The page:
Thoughts of Igloo and Provo High.
LaVonne Nelsen Cavanagh Class of 1947.
Dagny Bauer's daughter - half sister of Dave, Diane and Debbie.
Igloo was a unique place - a city that popped up almost overnight in 1943.
Living quarters, except for the size of the family, were all the same. Same old black iron cooking stoves. In fact, we were all alike in many ways. No special status symbols were present at the beginning. Most all of the Iglooites got along very well.
We had a general store, where you could get almost everything you needed. Including the pharmacy & malt shop. Yum Yum.
We had a lot of special things at Igloo. The cinema, where we got all the current movies. The community Hall where a lot major activities took place. It even had two gyms. A special chapel where all denominations worshipped at separate times.
The Army all had their own facilities: mess hall, officers club and living quarters up on the hill. This included a medical center with a hospital, dental clinic, eye doctor, etc.
Provo High School where I went to 4 years of school. We were privileged to pick the school colors, the Rattler mascot, the school paper and year book names.
We were kind of mean to the freshmen class on initiation. They all had to wear long johns to school & wear a sign on their backs that read - "I am a green freshman". The girls had to part their hair in the middle and have one half curled and the other half straight. Can't remember what the boys did with their hair. They all had to wear different colored shoes. Wow????
I do remeber some of the teachers too. Mary Ferraro was the best business teacher ever. George Bain was our first coach and taught history. And of course, the music & chorus with my Mom and the operettas we put on were a lot of fun.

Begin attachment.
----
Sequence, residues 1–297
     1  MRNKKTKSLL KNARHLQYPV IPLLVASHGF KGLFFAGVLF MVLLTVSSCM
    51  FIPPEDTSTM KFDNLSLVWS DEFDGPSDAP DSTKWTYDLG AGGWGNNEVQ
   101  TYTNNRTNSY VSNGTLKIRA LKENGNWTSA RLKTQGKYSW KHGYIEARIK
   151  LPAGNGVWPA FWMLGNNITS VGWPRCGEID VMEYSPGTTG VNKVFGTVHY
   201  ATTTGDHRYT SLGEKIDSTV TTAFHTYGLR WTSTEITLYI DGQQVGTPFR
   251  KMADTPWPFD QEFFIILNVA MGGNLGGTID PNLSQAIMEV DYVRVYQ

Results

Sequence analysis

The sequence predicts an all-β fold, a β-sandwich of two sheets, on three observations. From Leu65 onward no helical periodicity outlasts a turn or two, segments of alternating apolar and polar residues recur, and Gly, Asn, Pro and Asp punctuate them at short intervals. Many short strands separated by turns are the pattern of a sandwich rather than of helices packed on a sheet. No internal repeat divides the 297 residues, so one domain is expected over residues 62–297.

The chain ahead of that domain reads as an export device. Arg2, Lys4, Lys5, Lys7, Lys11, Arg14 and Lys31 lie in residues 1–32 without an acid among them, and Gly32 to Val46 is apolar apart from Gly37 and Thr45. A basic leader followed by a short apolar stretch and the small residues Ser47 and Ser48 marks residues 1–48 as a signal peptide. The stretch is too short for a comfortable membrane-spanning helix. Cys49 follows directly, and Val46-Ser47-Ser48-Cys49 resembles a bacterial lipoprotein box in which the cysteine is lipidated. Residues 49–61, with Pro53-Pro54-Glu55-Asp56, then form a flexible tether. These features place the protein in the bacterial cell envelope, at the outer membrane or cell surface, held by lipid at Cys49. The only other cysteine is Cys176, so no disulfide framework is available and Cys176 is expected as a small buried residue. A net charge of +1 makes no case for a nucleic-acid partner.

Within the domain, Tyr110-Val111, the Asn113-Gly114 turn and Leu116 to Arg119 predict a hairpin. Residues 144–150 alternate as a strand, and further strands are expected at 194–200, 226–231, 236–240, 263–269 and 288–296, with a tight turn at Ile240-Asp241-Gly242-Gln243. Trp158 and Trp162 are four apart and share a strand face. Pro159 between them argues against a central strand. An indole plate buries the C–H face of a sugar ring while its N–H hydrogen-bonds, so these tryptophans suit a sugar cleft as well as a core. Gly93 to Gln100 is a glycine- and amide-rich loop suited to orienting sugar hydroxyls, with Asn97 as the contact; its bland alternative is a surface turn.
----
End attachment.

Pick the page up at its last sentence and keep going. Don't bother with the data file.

School dances were really great. They were held nearly once a month. I was in the baton club at school too.
I remember in the summers after supper, we would go play in the parking lot or street in front of our house. Captain may I and Red Light - Green Light were some of our favorites.
I also remember when Italian prisoners of war were in Igloo awaiting assignments to other POW camps. I know when they were in the line outside the Community building waiting to be fed, they would whistle at all the girls. Some folks were allowed to have certain prisoners over for Sunday dinners. It was all done with mixed emotions at that time.
I remember when Mom bought a new Bendix washing machine. They were suppossed to be bolted down; but we could not do that to the governments floors. So when it started spinning, Mom & I would run quick & jump on it to hold it down.
The big new swimming pool at Igloo was a great place to hang out and cool down in the summer. We also went to Hot Springs to the Evans Plunge, which was neat with the warm hot springs feeding it. We usually did some shopping in Hot Springs too.
Edgemont was where we first lived while the housing on base was being finished. I remember the carnival in Edgemont that was held in the summer, which was fun. We also shopped a lot in Edgemont. Once a friend & I walked from Igloo to Edgemont and back. Very tiring and I do not recall what we did there.
The guard gate was pretty cool. I remember you could not get into Igloo without a ID or a pass.
I remember one time, Mom and I were cleaning the house & looked for David. He took off & was going to the store. We panicked thinking about the little guy crossing the main steet by himself but he made it okay. Whew
Another time David asked if he could play with David Campbell and we said, "sure". Then they disappeared. The boys had walked to the Provo corner to join the Army. When they could not figure which way to turn at the junction, they came home. They caught a little dickens then too.
All in all, Igloo was a good place to grow up. Provo High School was one of the best & I have fond memories of those years.
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